Unfortunately, this prediction does not hold in actual household behavior. It is fair to say the reasons for this failure of the simple life-cycle model are still not understood. Rodepeter & Winter (1998) provide empirical evidence for Germany and discuss some extensions of the life-cycle model that might help to understand actual savings behavior. An important direction of current research tries to apply elements of behavioral economics to life-cycle savings decisions.

Source: SFB 504

Lifecycle hypothesis a review of the literature

This review of the literature on life-cycle consumption and saving decisions is adapted from Fisher (1987).

The life-cycle hypothesis presents a well-defined linkage between the consumption plans of an individual and her income and income expectations as she passes from childhood, through the work participating years, into retirement and eventual decease. Early attempts to establish such a linkage were made by Irving Fisher (1930) and again by Harrod (1948) with his notion of hump saving, but a sharply defined hypothesis which carried the argument forward both theoretically and empirically with its range of well-specified tests for cross-section and time series evidence was first advanced by Modigliani & Brumberg (1954). Both their paper and advanced copies of the permanent income theory of Milton Friedman (1957) were circulating in 1953 and led M.R. Fisher (1956) to carry out tests of the theories even preceding publication of Friedman´s work. Both the Modigliani-Brumberg and the Friedman Theories are referred to as life-cycle theories and they certainly have many similar implications, but the one that is more closely related to the life cycle with emphasis on age ? Modigliani and Brumberg ? is the one to which the following review concentrates.

The key which rendered the multi-period analysis tractable under subjective certainty was the specification that the life-time utility function be homothetic ? this permitted planned consumption for each future period to be written as a function of expected wealth as seen at the planning date, the functional parameters being in no way dependent upon wealth, but upon age and tastes. The authors further sharpened their hypothesis. They specified that an individual would plan to consume the same amount in real discounted terms each year. Throughout, desired bequest and initial assets were set to zero. However, the authors did show that bequests could be accounted for within the homothetic utility function itself if that became necessary.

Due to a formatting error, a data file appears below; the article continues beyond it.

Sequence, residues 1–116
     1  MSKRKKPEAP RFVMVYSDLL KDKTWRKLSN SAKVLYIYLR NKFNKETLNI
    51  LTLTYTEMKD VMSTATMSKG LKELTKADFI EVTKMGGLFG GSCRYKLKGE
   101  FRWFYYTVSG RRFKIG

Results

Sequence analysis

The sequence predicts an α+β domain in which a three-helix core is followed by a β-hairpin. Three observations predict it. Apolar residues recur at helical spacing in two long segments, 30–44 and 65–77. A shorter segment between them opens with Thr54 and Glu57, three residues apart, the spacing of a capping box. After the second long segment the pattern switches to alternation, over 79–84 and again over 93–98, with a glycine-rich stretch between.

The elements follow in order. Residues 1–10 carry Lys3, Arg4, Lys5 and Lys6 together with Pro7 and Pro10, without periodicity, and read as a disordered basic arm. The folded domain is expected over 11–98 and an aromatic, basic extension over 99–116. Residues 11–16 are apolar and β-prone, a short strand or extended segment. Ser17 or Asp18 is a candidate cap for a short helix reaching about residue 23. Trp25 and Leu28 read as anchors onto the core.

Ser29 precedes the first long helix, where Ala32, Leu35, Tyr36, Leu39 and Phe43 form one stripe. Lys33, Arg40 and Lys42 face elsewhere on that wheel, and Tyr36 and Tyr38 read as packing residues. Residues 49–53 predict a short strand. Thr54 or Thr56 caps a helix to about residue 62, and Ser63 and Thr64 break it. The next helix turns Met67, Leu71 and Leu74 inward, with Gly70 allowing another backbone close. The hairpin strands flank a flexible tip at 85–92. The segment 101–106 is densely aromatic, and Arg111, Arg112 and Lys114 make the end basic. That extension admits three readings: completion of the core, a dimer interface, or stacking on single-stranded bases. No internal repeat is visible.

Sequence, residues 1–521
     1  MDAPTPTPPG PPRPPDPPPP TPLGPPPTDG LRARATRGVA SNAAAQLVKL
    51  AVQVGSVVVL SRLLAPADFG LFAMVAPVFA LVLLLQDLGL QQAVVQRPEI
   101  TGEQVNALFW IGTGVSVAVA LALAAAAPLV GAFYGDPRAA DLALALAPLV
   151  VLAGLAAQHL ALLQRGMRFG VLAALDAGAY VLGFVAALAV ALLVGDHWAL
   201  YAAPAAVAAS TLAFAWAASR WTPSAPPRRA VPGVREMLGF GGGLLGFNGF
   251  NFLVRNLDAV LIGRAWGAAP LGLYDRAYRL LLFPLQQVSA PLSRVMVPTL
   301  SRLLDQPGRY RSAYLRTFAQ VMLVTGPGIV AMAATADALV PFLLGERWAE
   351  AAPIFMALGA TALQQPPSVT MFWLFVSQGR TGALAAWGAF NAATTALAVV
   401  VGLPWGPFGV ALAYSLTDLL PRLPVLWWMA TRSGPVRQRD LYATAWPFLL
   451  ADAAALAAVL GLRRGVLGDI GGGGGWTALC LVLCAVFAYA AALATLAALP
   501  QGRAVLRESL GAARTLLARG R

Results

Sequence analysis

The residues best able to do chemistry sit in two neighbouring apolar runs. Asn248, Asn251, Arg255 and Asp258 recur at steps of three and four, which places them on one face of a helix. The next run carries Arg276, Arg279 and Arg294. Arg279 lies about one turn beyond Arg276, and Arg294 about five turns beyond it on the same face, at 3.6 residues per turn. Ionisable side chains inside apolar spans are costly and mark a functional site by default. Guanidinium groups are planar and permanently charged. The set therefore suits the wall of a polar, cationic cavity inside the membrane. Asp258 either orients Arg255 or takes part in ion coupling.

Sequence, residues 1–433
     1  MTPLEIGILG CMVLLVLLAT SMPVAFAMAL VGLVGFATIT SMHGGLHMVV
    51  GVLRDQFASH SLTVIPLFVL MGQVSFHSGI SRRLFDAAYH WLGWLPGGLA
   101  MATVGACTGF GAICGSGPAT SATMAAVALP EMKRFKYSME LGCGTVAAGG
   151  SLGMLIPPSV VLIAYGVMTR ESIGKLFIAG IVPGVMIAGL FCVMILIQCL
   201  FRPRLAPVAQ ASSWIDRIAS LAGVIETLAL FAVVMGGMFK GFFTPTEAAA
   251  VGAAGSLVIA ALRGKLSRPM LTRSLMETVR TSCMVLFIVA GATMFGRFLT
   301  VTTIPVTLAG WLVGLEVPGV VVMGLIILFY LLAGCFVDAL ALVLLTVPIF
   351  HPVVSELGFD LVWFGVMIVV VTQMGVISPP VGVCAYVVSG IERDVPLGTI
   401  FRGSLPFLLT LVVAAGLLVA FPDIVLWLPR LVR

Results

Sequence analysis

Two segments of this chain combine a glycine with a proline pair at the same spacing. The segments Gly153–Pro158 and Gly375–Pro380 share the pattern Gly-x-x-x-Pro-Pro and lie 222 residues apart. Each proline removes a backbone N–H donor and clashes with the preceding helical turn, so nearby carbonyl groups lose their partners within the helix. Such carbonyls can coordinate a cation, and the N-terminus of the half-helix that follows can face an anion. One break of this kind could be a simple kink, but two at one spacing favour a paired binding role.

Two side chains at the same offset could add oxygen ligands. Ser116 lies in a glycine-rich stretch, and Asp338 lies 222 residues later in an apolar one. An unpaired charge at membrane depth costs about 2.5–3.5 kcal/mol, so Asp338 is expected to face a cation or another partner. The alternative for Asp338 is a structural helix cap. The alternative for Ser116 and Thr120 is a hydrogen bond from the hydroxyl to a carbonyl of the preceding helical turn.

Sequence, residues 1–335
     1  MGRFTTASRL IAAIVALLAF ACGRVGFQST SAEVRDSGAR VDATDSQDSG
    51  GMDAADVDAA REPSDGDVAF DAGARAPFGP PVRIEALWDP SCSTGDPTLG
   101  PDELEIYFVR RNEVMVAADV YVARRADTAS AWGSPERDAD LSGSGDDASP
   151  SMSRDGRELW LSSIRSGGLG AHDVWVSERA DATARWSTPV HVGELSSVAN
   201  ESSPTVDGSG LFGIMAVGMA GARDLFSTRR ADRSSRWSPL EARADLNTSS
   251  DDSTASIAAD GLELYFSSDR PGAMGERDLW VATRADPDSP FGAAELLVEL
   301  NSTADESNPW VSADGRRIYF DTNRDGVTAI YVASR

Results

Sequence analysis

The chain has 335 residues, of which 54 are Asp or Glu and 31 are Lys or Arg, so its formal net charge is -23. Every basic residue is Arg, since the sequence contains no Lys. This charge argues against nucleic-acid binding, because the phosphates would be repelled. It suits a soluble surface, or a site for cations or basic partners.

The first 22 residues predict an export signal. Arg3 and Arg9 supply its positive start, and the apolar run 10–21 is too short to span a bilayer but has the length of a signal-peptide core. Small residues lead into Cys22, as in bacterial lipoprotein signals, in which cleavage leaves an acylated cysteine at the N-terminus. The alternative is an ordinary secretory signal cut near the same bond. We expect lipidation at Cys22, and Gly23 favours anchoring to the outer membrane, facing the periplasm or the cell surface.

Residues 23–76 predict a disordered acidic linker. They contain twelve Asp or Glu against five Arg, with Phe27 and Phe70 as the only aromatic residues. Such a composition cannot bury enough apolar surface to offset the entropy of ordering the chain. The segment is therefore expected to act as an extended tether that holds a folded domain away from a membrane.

From the outset, such sharp hypothesis was desired for empirical testing. For Modigliani at least, a propelling influence had been the debate about the explanatory power of the Keynesian consumption function for forecasting postwar consumption and income. The inadequacies revealed had led already to several refined theories, notably by Duesenberry (1949) and by Modigliani (1949) himself. In the 1940s, cross-section studies had been carefully carried through at the National Bureau of Economic Research (NBER), and empirical results from these studies were promoting theoretical insights. Any new theory had to be consistent with these findings. The tighter specification of the hypothesis enabled the spelling out of the pattern of accumulating savings in the working years to finance the retirement years ? hump savings. Assuming that real income of each member of the populationwide sample remained the same throughout working life, it was shown that the independent of the age and income distribution and dependent only on the proportion of retirement years to expected lifetime. This alerted economists to the fact that cross-section results do not directly translate into estimates of the marginal propensity to save of an individual planning function. This insight is of broader significance not confined to the simple hypothesis. The implications of the hypothesis for time series analysis were disseminated much more slowly as the companion paper to that on cross section interpretation was never published, accounts not being freely available until 1963 and the original text itself not until 1980.